I will speak specifically to the history of imprisonment in the United States at the turn of the twentieth century. Prior to the end of the Civil War, prisons in the United States were not large-scale institutions. Prisons were created in the United States as a means of punishment that emphasized isolation and confinement, contrasting with physical torture and public punishment. Of course, confinement and isolation can be considered forms of torture on their own, and physical abuse in prisons still ran rampant. The prisons were designed to pacify prisoners and force them to submit to God in their solitude.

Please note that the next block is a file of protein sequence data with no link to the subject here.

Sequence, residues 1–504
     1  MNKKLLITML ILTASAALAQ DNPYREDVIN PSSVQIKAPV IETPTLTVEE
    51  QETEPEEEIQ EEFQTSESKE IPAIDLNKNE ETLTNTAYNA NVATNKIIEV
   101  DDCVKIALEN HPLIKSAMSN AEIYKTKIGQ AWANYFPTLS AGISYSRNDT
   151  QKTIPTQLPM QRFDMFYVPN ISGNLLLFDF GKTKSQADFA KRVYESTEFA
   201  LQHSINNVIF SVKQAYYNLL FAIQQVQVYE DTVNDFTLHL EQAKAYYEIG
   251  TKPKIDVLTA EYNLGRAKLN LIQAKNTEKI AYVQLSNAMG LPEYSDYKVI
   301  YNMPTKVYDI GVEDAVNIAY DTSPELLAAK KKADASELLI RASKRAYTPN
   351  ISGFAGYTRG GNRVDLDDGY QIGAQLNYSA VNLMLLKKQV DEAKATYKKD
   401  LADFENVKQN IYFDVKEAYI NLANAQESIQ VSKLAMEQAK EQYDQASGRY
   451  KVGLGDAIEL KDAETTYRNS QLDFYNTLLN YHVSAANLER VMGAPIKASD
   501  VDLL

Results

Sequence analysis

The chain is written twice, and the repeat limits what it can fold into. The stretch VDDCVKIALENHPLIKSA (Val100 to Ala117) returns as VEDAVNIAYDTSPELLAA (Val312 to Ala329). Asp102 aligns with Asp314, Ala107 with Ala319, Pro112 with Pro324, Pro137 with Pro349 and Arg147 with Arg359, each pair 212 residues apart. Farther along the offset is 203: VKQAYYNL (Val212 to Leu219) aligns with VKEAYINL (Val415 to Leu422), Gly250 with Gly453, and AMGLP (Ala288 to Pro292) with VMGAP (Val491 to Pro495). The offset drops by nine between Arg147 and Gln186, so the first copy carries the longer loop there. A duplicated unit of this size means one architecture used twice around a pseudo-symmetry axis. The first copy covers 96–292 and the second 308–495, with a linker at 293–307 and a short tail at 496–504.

However, after the Civil War, the growth of prisons rose dramatically. For example, prior to the Civil War, the state of Georgia imprisoned roughly forty people per year. By 1910, that number was over 1,000. Nationally, the prison population quadrupled between 1880 and 1910. This massive spike in prison population is significantly attributed to the incarceration of black people directly after emancipation. Jim Crow laws allowed white vigilantes and officials to attack, incarcerate, and kill black people for just about any perceived crime. In an attempt to re-enslave black people, and to continue to maintain a system of free labor through convict leasing, prisons became absolutely filled with black people, especially black men. By the 1900s, prisons across the nation were filled with mainly black men, as white officials could charge them with anything they wanted to and incarcerate them with impunity.